>in the example given in the op, there was no reason for the read to be in the
> loop, except if it might change. the compiler made the assumption that the
> coder was wrong. that might not be a useful assumption.
No, the coder *was* wrong, and the assumption is *always correct in standard C*. That's the point. The programmer might have assumed semantics which are not C, but the compiler merely assumed that the programmer was writing in C, not writing in some unspecified language that looks a lot *like* C and exists only in the programmer's head.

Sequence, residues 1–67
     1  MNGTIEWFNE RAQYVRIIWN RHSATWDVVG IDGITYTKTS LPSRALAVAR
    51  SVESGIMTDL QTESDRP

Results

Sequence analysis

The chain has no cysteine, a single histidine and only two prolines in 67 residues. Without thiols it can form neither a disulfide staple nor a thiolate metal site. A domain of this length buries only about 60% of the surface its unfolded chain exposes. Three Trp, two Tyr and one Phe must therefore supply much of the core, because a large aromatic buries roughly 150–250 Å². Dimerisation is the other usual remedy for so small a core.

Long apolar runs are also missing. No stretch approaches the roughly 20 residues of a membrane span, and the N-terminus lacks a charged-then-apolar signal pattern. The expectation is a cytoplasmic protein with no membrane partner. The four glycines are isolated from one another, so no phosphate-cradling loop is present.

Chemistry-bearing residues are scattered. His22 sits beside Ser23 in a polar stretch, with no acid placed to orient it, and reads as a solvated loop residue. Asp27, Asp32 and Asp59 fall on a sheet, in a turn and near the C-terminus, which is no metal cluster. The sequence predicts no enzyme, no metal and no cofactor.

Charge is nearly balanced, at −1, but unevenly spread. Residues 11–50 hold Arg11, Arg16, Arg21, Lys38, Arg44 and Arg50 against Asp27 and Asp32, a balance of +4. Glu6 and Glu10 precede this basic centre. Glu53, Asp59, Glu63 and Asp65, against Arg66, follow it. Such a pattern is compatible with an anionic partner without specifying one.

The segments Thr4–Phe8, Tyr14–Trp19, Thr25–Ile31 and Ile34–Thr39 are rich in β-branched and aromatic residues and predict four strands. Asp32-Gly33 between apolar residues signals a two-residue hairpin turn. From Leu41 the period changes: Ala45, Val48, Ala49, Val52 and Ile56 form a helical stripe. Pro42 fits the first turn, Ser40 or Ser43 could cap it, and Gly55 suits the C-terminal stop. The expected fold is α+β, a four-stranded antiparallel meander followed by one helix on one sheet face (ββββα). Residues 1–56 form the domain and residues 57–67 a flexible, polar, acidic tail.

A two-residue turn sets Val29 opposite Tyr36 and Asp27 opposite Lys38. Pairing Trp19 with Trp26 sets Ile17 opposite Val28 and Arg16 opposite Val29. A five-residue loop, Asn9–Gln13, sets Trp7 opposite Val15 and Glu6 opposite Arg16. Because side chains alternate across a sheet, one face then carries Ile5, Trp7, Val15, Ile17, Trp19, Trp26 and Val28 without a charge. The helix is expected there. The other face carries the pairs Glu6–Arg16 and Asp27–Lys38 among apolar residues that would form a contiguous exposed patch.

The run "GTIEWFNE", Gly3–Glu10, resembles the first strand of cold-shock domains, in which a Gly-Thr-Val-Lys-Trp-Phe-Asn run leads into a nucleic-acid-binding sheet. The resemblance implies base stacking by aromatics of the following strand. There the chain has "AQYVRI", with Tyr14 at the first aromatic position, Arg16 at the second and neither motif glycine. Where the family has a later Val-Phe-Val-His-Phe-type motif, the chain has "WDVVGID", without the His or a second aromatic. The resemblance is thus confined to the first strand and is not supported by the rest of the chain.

It is axiomatic that a valid optimisation (ie. one which precisely follows C semantics, and any which don't are buggy and tend to be quickly fixed) cannot break correct valid C; if code breaks then it is because the programmer has made incorrect assumptions about the exact meaning *in C* of what they're writing.
If your variable might change between accesses, then you need to tell the compiler that, because it is not the case in the standard C model, which is why there's a keyword existing specifically for that purpose.